Books and Movies Reviews

huck finn

Huckleberry Finn seems to get into a lot of trouble. He is dishonest at many times throughout the novel; his character seems to change when his fine morals begin to unfold. That is why good morals and honesty are the theme of my essay on The Adventures of Huckleberry Finn.
Huck sets himself up for a game that brings him into something like a moral crisis. Huck has to choose between violating social and religious behavior, which the world has taught him, and betraying the person who needs and loves him most. He writes a letter, which prompts him to, tell Miss Watson that her slave, Jim, is with Mr. Phelp’s. After writing the letter he says:
“I felt good and all washed clean of sin for thefirst time I had ever so in my life, and I knowed I could pray now. But I didn’t do it straight off but laid the paper down and set there thinking-thinking how good it was all this happened so, and how near I come to being lost and going to hell.”
After studying the letter he then said, “All right, then, I’ll go to hell” and tore it up.
One symbol that I think played a big role in the novel was money. Money plays a big part in everyone’s life. It seems a little act that we make is effected by money in a direct or distant way. One thing that affected Huck and may have contributed to his unhappiness that made him to run away was lack of money. Early on Huck’s father and Huck sell his fortune to Judge Thatched for a dollar. The lack of money may have put an even bigger strain on the father, causing him to drink his sorrows away and act abusively towards Huck. It may have caused the constant beatings that Huck was forced to endure until he gained the courage to fake his death, and leave his unhappy and painful life back at home.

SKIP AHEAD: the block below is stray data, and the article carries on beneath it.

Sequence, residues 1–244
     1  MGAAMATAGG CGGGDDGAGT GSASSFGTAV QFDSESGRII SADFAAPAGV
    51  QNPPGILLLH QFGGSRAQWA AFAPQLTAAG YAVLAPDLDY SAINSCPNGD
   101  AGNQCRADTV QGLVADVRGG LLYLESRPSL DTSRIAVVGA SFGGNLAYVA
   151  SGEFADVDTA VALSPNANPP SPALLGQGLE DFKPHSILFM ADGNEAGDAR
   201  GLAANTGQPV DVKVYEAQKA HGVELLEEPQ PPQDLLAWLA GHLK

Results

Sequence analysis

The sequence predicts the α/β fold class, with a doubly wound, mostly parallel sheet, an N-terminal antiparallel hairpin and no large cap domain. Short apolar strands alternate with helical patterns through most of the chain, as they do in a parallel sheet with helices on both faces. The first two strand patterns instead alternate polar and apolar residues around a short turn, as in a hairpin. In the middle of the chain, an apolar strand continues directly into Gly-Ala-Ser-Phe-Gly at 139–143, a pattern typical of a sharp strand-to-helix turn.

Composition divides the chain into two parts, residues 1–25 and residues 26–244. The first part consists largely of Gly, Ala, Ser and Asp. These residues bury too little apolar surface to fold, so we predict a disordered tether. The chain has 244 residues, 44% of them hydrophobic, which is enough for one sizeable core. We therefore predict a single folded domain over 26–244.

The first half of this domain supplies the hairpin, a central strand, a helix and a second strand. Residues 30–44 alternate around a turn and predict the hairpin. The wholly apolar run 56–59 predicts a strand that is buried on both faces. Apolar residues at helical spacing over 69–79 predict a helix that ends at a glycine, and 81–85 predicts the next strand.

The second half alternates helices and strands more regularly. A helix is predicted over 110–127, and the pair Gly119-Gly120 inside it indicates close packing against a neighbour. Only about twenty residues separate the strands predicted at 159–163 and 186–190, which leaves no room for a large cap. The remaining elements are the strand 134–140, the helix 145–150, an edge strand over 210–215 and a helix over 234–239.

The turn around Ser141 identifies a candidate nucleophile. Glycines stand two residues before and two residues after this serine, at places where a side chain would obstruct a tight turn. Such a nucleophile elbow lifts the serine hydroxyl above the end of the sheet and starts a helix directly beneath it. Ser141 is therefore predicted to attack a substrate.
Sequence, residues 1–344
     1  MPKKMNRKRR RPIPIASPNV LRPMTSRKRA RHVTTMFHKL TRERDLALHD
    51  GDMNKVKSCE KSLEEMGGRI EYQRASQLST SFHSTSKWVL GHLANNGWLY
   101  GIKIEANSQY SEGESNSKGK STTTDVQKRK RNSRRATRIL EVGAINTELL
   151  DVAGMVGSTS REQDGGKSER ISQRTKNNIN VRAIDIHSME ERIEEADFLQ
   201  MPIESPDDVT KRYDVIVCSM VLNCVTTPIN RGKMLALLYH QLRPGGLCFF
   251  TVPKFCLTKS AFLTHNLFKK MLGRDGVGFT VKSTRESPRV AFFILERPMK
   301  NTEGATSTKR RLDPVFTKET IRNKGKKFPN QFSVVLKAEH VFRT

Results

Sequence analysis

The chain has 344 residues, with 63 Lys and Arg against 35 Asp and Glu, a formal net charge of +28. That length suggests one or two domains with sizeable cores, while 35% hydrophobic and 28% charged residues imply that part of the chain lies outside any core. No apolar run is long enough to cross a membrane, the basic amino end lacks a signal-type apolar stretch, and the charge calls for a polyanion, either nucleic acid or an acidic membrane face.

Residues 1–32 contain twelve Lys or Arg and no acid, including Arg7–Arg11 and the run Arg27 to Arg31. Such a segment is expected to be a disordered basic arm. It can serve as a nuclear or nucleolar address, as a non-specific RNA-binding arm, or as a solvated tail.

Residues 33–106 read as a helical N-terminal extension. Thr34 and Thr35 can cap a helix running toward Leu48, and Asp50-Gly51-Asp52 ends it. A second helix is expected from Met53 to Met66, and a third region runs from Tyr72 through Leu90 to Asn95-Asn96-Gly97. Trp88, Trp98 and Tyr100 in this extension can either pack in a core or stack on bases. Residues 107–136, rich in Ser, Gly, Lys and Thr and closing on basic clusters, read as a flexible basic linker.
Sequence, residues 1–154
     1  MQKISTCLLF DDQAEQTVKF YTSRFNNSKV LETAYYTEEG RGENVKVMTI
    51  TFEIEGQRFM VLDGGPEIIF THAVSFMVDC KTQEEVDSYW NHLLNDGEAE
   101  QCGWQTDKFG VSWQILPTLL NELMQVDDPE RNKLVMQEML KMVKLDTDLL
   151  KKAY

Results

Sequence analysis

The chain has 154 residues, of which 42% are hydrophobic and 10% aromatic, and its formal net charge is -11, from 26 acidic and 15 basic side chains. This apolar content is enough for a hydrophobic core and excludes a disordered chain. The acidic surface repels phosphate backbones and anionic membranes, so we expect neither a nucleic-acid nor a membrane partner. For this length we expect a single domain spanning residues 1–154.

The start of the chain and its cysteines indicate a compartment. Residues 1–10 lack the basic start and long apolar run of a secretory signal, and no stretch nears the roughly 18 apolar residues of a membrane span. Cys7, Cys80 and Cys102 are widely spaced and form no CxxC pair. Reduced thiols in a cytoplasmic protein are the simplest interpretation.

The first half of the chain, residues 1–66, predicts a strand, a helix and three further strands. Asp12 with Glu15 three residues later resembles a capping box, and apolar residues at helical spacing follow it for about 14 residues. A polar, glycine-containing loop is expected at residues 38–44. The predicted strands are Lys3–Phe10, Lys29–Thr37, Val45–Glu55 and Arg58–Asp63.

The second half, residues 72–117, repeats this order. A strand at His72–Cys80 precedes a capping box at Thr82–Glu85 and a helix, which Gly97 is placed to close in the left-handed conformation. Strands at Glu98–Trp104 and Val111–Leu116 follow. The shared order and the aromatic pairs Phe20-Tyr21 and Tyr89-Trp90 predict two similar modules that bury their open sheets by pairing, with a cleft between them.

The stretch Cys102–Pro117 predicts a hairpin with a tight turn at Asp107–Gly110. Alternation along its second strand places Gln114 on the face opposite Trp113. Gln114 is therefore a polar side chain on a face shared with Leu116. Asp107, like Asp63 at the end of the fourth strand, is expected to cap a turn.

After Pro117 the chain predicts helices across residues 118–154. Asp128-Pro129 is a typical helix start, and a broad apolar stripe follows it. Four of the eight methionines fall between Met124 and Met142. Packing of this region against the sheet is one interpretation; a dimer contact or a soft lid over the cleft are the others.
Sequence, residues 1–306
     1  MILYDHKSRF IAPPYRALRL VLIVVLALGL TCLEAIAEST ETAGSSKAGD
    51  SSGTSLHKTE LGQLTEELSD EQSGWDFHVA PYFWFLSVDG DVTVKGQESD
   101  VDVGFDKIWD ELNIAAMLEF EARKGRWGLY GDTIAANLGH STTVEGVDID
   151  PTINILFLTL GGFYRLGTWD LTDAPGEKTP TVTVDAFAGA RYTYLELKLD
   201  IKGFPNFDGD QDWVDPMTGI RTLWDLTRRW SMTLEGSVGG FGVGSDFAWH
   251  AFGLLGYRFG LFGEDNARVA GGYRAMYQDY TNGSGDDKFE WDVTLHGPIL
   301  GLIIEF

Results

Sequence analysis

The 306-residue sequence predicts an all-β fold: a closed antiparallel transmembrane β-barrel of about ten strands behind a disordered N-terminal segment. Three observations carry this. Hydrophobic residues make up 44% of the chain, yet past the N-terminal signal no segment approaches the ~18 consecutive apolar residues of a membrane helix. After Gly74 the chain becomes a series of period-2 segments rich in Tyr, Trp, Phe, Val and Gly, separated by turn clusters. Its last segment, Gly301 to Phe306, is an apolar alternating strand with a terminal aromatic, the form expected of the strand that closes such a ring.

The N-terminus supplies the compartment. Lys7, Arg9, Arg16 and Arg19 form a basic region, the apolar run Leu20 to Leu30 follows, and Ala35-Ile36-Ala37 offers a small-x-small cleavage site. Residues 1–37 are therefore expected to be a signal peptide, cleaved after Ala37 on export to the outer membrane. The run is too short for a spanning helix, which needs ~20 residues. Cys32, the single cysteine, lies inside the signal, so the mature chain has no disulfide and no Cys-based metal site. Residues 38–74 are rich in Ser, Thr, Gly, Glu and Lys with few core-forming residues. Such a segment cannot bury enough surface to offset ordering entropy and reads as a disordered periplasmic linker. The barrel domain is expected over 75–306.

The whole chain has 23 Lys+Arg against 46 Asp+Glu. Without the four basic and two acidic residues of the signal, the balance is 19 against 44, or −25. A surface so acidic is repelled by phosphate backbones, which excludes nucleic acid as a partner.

Money also played a part on the two crooks, the King and Duke. The King and Duke tried to pass themselves off as being distant relatives of a family who has just…

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